"If the government are seriously concerned with the long term financial stress on our social security system and the tax revenue that underpin it, then they need to take off the short-term blinkers and make financial advice fees 100 per cent deductible."

— Paul Dunn, managing director and principal adviser, Meridian Wealth Management


"Australians face a $1 trillion plus retirement shortfall for those who outlive their life expectancy. Our government claims to be bridging the gap between retirees’ superannuation capability and their needs however further restrictions have forced our aging population to reconsider their retirement planning.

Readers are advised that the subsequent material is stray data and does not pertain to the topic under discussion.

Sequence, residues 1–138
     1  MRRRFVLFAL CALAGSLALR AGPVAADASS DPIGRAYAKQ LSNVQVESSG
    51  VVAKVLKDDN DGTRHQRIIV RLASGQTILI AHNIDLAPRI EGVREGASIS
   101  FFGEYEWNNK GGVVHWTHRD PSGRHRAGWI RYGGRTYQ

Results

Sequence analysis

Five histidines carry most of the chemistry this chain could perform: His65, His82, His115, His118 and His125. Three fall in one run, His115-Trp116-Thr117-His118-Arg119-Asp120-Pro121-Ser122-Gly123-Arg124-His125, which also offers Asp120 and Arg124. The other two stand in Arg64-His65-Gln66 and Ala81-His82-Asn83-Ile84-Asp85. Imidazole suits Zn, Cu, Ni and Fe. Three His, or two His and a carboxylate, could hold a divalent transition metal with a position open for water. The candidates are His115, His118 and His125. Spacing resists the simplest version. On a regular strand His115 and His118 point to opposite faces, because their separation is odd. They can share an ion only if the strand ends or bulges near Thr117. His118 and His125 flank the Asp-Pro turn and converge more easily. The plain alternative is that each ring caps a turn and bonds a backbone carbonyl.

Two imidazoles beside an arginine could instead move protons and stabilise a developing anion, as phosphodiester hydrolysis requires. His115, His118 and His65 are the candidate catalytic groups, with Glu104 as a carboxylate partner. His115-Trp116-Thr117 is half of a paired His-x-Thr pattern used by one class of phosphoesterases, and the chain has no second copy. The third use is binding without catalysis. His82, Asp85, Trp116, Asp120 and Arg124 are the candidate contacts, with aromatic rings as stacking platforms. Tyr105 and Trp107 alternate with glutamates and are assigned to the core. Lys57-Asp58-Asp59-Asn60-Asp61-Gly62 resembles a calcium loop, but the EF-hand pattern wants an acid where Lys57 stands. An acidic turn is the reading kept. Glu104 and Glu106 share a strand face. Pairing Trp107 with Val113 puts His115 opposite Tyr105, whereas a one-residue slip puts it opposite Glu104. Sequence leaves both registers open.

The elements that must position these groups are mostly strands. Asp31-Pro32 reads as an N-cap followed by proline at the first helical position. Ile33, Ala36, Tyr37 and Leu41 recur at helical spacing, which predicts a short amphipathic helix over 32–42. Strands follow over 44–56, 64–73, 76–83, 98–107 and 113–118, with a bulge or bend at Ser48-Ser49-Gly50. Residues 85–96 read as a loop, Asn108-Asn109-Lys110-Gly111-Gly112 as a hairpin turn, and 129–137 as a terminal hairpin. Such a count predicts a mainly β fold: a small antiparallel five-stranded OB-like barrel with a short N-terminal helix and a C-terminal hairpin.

"Navigating this minefield is hard enough and to let the layperson interpret the ever changing legislative landscape is playing with fire.

"Providing tax deductions for costs relating to financial plans and associated implementation, not just ongoing advice fees, would see ordinary Australians incentivised to seek qualified financial assistance. This would make many more Australians less reliant on government assistance after their working life.

"Currently, Australians can claim a tax deduction for one-off accounting costs, which in most cases is retrospect assistance without providing qualified forward thinking financial planning advice.

"Surely upfront financial planning costs are directly related to generating an income whether it is personally or within superannuation."

— Hugo JB Sampson, senior financial adviser, LifeTime Financial Group

Advisers respond to poll on tax deductability of advice